“Stop Tax Haven Abuse Act” (S. 506) Would Change U.S. Taxation of Foreign Shipping Companies

March 13, 2009

On March 2, 2009, Senator Carl Levin (D-Mich.) introduced the “Stop Tax Haven Abuse Act” (S. 506) (the “Levin Bill”). A companion bill (H.R. 1265) was introduced by Representative Lloyd Doggett (D-Tex.) in the House. If enacted, the Levin Bill would significantly change the taxation of foreign shipping companies which operate in the United States.

Section 103 of the Levin Bill (“Section 103”) would tax foreign corporations as though they were United States domestic corporations if:

(1) either (a) they have aggregate gross assets of $50 million or more at any time during the taxable year or any preceding taxable year, or (b) are regularly traded on an established securities market; and

(2) the “management and control” of the corporation occurs, directly or indirectly, primarily within the United States.

The legislation provides that the “management and control” of a corporation shall be treated as occurring primarily within the United States if substantially all of the executive officers and senior management of the corporation who exercise day-to-day responsibility for making decisions involving strategic, financial, and operational policies of the corporation are located primarily within the United States. This proposal would have an effective date for taxable years beginning on or after two years from the date of enactment.

On March 11, 2009, the Senate Finance Committee circulated a draft proposal containing provisions designed to improve tax compliance with respect to offshore transactions. The draft proposal does not contain a provision similar to Section 103. The Senate Finance Committee is scheduled to hold a hearing on March 17, 2009 that will be partially devoted to tax havens.

If enacted, Section 103 would represent a dramatic change in United States taxation of foreign shipping companies. Under current law, a foreign corporation engaged in the international operation of ships is not subject to United States federal income tax under Section 883 of the United States Internal Revenue Code of 1986, as amended (the “Code”), provided that it (i) is organized in a “qualified foreign country,” and (ii) meets one of three specified ownership tests. In addition, there are analogous shipping exemption provisions contained in substantially all existing United States income tax treaties (“Treaty Exemption Provisions”). In each case, qualification for exemption applies without regard to whether the foreign corporation is wholly managed and controlled from the United States or conducts all or a portion of its shipping operations through a permanent establishment in the United States.

If the Levin Bill were enacted in its present form, a foreign shipping company which is managed and controlled from the United States would be subject to United States federal income tax at a rate of 35% on its worldwide income if it was either publicly traded or had gross assets of $50 million or more. Dividends paid by the foreign shipping company (and certain interest paid to foreign lenders) to non-U.S. persons would be subject to a 30% United States withholding tax or at such lesser withholding rate as provided by an applicable United States income tax treaty. Dividends paid to U.S persons would be eligible for the 15% tax rate applicable to “qualified dividend income.”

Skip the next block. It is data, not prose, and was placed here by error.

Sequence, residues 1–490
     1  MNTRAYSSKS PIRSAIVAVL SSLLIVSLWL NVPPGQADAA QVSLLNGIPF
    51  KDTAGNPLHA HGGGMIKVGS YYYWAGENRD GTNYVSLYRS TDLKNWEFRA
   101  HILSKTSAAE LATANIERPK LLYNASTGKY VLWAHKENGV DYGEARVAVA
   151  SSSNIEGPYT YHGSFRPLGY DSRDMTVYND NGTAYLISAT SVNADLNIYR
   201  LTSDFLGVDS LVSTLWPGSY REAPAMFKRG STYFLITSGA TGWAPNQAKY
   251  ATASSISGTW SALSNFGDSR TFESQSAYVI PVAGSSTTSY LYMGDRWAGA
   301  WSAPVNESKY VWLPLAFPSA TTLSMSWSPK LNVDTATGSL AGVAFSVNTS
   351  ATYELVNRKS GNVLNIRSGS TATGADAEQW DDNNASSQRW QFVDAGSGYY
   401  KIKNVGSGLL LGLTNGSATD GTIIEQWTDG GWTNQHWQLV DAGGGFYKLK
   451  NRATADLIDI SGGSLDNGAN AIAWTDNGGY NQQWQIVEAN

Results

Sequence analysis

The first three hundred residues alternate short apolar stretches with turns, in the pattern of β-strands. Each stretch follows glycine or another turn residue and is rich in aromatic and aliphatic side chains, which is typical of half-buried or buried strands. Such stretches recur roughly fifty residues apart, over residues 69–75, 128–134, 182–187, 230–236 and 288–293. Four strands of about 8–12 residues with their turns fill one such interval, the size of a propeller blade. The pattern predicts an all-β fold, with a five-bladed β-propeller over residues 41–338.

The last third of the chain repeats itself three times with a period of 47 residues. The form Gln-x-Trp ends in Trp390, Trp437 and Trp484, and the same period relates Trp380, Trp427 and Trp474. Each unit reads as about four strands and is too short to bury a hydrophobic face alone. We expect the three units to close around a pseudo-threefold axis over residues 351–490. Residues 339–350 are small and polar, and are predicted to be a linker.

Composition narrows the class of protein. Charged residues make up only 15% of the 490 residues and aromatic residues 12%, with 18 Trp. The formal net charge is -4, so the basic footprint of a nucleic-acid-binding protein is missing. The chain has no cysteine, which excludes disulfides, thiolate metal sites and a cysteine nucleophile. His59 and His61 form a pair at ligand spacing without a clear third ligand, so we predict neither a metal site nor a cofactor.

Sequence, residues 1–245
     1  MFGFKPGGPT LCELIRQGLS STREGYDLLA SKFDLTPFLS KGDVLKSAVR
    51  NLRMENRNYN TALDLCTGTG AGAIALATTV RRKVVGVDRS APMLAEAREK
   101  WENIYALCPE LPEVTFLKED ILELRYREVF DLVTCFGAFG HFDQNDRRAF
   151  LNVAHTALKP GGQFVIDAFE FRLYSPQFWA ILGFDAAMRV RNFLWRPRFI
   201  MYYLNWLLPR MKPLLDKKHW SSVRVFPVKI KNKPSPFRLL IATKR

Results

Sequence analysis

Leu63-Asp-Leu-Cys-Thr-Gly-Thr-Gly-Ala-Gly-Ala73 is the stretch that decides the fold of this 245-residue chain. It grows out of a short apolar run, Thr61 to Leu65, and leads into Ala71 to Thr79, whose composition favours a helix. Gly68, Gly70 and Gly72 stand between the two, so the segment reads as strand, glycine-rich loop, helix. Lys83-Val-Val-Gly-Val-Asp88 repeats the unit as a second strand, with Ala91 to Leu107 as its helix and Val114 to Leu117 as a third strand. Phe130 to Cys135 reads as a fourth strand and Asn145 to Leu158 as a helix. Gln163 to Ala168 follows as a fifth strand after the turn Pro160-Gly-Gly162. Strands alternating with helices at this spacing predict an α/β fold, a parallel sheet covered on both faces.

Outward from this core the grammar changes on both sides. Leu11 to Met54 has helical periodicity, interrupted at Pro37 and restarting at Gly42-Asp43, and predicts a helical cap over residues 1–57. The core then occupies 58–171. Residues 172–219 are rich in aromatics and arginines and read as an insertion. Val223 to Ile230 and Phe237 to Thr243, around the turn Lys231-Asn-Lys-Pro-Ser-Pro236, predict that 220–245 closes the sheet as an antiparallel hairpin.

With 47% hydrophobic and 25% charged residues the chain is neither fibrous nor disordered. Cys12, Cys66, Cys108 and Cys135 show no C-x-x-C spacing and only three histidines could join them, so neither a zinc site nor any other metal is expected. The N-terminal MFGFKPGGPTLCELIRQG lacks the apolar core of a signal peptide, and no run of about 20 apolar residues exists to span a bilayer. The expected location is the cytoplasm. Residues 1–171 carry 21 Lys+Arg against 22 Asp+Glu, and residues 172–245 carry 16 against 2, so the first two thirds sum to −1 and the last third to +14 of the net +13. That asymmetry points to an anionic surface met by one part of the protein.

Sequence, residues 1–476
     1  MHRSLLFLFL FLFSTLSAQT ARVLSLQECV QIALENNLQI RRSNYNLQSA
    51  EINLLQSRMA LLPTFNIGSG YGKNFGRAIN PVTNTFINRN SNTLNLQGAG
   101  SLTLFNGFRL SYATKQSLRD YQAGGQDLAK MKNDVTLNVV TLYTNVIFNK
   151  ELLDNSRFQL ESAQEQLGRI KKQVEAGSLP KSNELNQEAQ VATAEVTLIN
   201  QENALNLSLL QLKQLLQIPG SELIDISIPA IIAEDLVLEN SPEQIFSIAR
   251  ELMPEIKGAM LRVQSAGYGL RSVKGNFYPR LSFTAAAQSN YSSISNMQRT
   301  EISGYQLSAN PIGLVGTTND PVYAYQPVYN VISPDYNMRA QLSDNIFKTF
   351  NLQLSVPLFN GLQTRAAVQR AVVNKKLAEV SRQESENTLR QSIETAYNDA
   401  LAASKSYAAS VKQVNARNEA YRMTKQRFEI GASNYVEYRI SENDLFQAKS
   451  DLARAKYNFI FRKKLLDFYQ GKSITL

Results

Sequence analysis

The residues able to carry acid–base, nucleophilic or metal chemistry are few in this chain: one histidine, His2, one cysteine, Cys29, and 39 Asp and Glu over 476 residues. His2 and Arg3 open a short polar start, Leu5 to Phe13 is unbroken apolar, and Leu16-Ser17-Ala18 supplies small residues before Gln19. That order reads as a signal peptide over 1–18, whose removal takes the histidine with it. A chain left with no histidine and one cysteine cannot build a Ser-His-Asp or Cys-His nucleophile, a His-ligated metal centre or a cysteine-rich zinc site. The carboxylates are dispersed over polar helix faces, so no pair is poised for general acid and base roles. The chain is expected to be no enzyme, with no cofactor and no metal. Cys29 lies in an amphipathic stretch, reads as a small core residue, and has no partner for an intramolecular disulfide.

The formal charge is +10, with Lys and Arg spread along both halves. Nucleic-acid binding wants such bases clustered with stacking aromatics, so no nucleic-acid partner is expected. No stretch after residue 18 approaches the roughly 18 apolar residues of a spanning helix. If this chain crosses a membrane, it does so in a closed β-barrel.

Section 103 is plainly inconsistent with the historical purpose and intent of Code Section 883 as well as all Treaty Exemption Provisions. Section 103 is also plainly inconsistent with the 4% gross tax regime of Code Section 887 that is applicable to all foreign shipping companies other than those with a fixed place of business in the United States whose vessels trade to the United States on a “regularly scheduled” basis (e.g., liner or cruise companies). Finally, it is plainly inconsistent with the recent American Jobs Creation Act of 2004 (the “Jobs Act”) modifications to the tax rules applicable to United States-controlled foreign shipping corporations (“CFCs”) aimed at allowing the international shipping profits of CFCs, which are by their very nature typically managed and controlled from the United States, to be deferred from tax until remitted as dividends to the CFC shareholders. A narrow exception to Section 103 is available for foreign corporations which are at least 80% owned by a domestic corporation which has substantial assets (other than cash and stock of foreign subsidiaries) held for use in the active conduct of a trade or business in the United States.

According to Senator Levin’s introductory statement, the Levin Bill is intended to address perceived problems regarding offshore hedge funds. However, it appears to have been drafted without giving any thought to the wide-ranging impact on businesses in almost every other industry.

Given that the enactment of Section 103 would (i) roll back the underlying policy goals and objectives of Code Section 883 (and its statutory predecessors) that have been part of the Code for nearly nine decades, (ii) clearly contradict existing Treaty Exemption Provisions, (iii) undermine the clear policy objectives of the Jobs Act, and (iv) potentially subject dividend and interest payments made by foreign corporations to United States withholding tax, we believe that the chances of Section 103 being enacted into law in present form, without exempting from its scope the current rules of United States taxation applicable to foreign shipping companies (inclusive of CFCs), are low.

Nonetheless, we will continue to monitor the progress of the Levin Bill and any other proposals that may impact United States taxation of the international shipping industry.

If you have any questions regarding this Memorandum, please contact one of the attorneys listed below.